Books, books, books…

I have always been an avid reader. I have always loved the moment you really find yourself immersed in a fictional world, no matter what form that world takes. I blogged (rather extensively) about my love for Harry Potter earlier this week (which you can find here ICYMI…), however my love of fiction stems from much earlier than that. Over the years, I have read hundreds upon hundreds of books – eventually I will definitely need a Belle style library, because I’m also not very good at letting them go…

Belle's bad ass library. Disney know where it's at.

Belle’s bad ass library. Disney know where it’s at.

Out of those hundreds of books, there have been a few which have really stuck with me. It’s hard to pick from the list, and it will probably be a growing list until I’m 100 years old, but I thought I would share my top few with you. So, in no particular order…

Top Texts

  1. Wonder – R. J. Palacio: I read this fairly recently compared to the rest of this list. I’d heard a few whispers about this book and decided to give it a go last summer on a trip to Barcelona. Despite being a children’s book, this is actually really encapsulating. (I say ‘children’s book’ as if I don’t enjoy them, but this is probably my favourite category in Waterstones… Totally unashamed…) It follows the story of August Pullman, a ten year old boy, on his first adventure into mainstream education. I don’t know whether it’s because of the job I do, but I really connected with this little boy. This book made me laugh, cry and consider myself incredibly lucky. If you liked Curious Incident, you’ll love Wonder.
  2. Wuthering Heights – Emily Bronte: To quote a colleague, Wuthering Heights is a bit like Marmite; you either love it or hate it, but whatever you feel, you’ll be passionate about it. I am in the ‘love’ camp; once you get over the waffle and unnecessarily irritating narrator in the first three or so chapters, you encounter a love story which is full of raw emotion and uncut sorrow. You will find yourself simultaneously loving and loathing the main characters. Bronte creates characters who are so fundamentally flawed, morally ambiguous and utterly believable characters, that you can’t help but invest yourself in their futures. I think the fact that it is Emily Bronte’s only novel, makes it even more tantalising – the only insight into her creative bubble. Plus, no matter what anyone tells me, I will always be a little bit in love with Heathcliff, despite… everything.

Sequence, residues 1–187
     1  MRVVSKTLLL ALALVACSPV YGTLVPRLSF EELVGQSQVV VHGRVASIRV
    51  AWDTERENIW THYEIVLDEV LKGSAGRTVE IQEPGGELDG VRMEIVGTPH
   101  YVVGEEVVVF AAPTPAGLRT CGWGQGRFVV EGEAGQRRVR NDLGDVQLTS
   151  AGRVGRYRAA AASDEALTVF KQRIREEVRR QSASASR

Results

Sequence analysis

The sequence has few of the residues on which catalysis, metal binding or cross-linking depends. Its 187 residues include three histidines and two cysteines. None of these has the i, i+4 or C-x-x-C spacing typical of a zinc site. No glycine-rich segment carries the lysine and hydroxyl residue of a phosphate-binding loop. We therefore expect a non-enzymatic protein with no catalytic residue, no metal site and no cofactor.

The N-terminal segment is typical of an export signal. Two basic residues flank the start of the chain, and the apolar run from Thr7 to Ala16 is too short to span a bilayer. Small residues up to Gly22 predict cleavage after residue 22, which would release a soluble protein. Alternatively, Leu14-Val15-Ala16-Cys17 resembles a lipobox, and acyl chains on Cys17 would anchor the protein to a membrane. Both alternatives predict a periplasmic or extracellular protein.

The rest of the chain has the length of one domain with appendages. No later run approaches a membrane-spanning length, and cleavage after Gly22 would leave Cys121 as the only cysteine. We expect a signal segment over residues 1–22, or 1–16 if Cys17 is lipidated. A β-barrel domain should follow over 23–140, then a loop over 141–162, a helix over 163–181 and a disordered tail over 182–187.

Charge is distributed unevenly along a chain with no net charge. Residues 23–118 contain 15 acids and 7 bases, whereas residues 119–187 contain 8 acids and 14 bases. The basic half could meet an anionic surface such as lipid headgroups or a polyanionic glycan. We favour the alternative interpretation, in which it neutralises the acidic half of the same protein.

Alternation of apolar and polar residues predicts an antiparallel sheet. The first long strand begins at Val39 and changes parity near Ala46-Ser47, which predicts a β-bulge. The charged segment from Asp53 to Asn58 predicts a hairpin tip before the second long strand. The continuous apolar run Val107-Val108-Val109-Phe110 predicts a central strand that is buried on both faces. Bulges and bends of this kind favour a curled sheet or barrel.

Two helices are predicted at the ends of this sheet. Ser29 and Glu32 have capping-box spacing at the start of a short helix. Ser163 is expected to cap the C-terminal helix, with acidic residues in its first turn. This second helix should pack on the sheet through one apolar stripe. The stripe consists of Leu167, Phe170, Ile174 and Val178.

3. Journey’s End – R. C. Sherriff: Not a book, but I first read this play when I was at school, studying for my GCSEs. World War I has always fascinated me, and Sherriff, having lived through it, recreates the emotion and uncertainty of the trenches with ease. Raleigh enters the trenches as a young officer, and we follow his relationship with other members of the Company, and their battle to survive in a world that is intent on preventing it. I was fortunate to see this play performed at The Marlowe Theatre in Canterbury, around the same time I was studying it, and the performance only made me fall in love with it more; the silence of the single scene, the eerie offstage drama and the poignant and moving use of sound effects at the end bringing me to tears. If you haven’t seen it before, and it comes to a theatre near you, I can’t recommend it enough.
  4. His Dark Materials – Philip Pullman: As a teenager, I had read many fantasy books, Harry Potter being one of them. With Pullman’s Dark Materials however, the fantasy genre took on a new meaning for me. What is great about Harry Potter is that the books grew up with me – Philosopher’s Stone was perfect for me as a 7/8 year old, while Deathly Hallows appealed to the 17 year old I became. However, when I first read The Northern Lights, I was about 14, and I was immediately gripped by the darkness of it; it felt like a real adult reading experience, dealing with religion, morality and restrictive society. I also almost convinced myself that I had a dæmon, and was insanely jealous of Lyra when I realised that I, in fact, didn’t.
  5. The Great Gatsby – F. Scott Fitzgerald: American literature is an area that I haven’t delved into in great depth. I need to, frankly, as Fitzgerald has given me firm foundations. Consumerism, decadence and the virtues (or lack thereof) of 1920’s America instantly lends itself to a fascinating and complex setting. Narrated by Nick Carraway, the life of Jay Gatsby is complicated and enthralling. I promise, if you read this, you won’t put it down until you have reached the end.

Today, a friend posted the following video on Facebook:

It got me thinking. I had seen this video years ago, and totally forgotten it’s existence and, sadly, the message that comes with it. When reading comes naturally, I feel like it’s not always immediately obvious that it’s a positive thing, an endearing thing, or even an attractive quality to have. My boyfriend has recently discovered a series which is getting him back into reading regularly, and it has been really fun to watch him immerse himself in the fictional battles and mysterious world created by John Gwynne; it’s made me fall in love all over again, seeing him itching to buy the next book in the series, and staying up late to read just one more chapter. Reading really is an attractive quality in a human being and I am proud to say that I am a reader. Hopefully, one day, the whole world will be proud to say it as well.

“A mind needs books, as a sword needs a whetstone, if it is to keep its edge” : George R. R. Martin – A Game of Thrones

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